Posted by & filed under Developer Blog.

As a web developer, I am constantly reloading pages that are still in the development stage to see how my code is affecting the outcome (Dreamweaver can only preview so well in the design window, thank goodness for F12). Since I want to be absolutely sure that what I’m seeing is the most current version, I always turn my “Temporary Internet Files” and my “Cache” off. This becomes especially important as I develop with Flash.

When Firefox came out, I went to the options dialogue to turn off the cache and only noticed the option to specify how big the cache could be. So I ignorantly set the size to zero and thought it would do the trick. wrong! This causes major problems with our friend the Firefox.

The first issue I noticed was that I could no longer install extensions and themes. For some reason, firefox has to cache them before it can install them. So, thinking I was a genius, I set the cache limit to 1, instead of zero. That fixed the problem. For the past 6 months (or however long I’ve been using Firefox now) that’s the way it’s been. Until today.

Lately I’ve noticed that my personal websites (including the blog you are reading now) have had problems loading the CSS file. It was kind of random; sometimes it loaded, sometimes it didn’t. I searched and researched the problem blaming Firefox all the way. But today, as part of my research, I upped my cache to 10000 and the problem went away. So I started researching more in that direction and came across a help file on mozilla.org telling me that if I wanted to turn off cache I could do it by plugging about:config into the address bar and changing the setting browser.cache.disk.enable to false.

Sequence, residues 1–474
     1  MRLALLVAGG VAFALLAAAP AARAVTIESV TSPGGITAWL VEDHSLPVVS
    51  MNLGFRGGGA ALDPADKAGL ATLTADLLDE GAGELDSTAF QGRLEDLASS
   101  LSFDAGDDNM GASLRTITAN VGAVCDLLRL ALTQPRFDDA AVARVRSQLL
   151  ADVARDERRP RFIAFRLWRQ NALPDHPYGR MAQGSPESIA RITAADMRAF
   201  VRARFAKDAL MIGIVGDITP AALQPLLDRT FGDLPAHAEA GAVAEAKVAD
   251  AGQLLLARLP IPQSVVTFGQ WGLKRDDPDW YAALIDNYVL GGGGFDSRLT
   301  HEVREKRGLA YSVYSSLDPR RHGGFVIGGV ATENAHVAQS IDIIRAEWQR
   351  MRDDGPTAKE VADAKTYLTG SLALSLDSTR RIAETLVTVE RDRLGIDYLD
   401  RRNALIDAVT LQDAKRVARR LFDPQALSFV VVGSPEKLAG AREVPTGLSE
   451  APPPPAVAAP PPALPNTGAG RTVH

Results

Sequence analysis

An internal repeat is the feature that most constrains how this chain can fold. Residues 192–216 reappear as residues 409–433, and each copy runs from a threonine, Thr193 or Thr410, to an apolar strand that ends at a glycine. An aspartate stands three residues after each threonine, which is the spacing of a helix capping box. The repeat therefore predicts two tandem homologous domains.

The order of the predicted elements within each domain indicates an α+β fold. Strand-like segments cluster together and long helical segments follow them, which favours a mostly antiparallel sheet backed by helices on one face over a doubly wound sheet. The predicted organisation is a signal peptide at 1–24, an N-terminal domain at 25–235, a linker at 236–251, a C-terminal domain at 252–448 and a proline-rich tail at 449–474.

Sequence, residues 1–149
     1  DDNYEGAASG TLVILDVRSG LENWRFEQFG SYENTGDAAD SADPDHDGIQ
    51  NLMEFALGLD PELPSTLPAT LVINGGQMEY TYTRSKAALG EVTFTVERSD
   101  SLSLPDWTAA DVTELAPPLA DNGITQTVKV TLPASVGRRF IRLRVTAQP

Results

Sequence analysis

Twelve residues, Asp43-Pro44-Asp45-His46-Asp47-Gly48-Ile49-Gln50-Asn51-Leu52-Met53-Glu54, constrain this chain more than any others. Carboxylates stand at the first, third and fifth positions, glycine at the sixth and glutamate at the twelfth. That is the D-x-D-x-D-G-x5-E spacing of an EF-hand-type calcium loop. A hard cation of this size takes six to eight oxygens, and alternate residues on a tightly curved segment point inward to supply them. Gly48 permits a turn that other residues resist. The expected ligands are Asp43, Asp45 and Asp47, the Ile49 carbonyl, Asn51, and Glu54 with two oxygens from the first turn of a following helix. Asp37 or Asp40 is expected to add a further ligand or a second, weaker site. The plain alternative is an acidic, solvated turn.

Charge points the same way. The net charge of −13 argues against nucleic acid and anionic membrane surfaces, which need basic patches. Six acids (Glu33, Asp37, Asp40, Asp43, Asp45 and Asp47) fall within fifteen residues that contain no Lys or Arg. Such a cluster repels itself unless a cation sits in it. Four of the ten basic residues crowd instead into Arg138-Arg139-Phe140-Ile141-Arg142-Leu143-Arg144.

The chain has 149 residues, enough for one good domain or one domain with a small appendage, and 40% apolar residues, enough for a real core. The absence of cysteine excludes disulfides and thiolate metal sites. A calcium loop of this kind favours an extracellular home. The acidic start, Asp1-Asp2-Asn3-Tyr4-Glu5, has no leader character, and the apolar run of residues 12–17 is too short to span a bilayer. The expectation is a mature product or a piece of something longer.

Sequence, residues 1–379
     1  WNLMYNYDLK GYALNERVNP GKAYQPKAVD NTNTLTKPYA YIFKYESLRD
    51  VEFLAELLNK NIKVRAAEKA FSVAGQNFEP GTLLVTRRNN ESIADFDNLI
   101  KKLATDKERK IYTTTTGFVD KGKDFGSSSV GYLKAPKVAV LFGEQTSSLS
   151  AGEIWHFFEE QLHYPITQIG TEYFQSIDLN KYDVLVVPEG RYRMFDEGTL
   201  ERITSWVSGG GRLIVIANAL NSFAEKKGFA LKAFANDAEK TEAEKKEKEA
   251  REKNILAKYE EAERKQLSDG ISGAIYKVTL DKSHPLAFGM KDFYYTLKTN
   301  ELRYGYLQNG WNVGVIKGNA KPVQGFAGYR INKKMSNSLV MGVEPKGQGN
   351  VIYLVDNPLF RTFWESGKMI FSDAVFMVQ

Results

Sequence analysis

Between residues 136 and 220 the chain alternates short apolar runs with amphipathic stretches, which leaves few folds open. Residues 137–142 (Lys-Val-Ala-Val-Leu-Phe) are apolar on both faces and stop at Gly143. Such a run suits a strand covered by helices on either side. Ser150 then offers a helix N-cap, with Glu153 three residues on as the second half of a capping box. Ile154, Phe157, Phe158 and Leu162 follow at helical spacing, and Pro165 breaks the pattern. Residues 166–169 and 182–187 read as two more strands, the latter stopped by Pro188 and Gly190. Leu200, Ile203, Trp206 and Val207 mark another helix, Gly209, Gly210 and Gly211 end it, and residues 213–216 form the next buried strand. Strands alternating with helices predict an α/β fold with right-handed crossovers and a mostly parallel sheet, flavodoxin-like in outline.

DUH! Why didn’t I think of that before. Probably because it should be in the options menu to begin with, in my opinion.

Now even though I have my cache set to zero my CSS files are loading properly and extensions have no problems installing because I have actually turned cache “off”.

Posted by & filed under Developer Blog.

Today I wrote a batch file to back up my Firefox settings. Yesterday, I lost all of my Firefox settings because, like an idiot, I was messing with the application data files without backing them up first. So after re-installing all of my favorite extensions and theme, I decided it was something I never wanted to have happen again. I researched to death a way to transfer this stuff from my laptop (WIN XP) to where the data was lost (WIN 2000), but after a long time I realized that the following file was causing problems:
C:Documents and SettingsprofileApplication DataMozillaFirefoxProfiles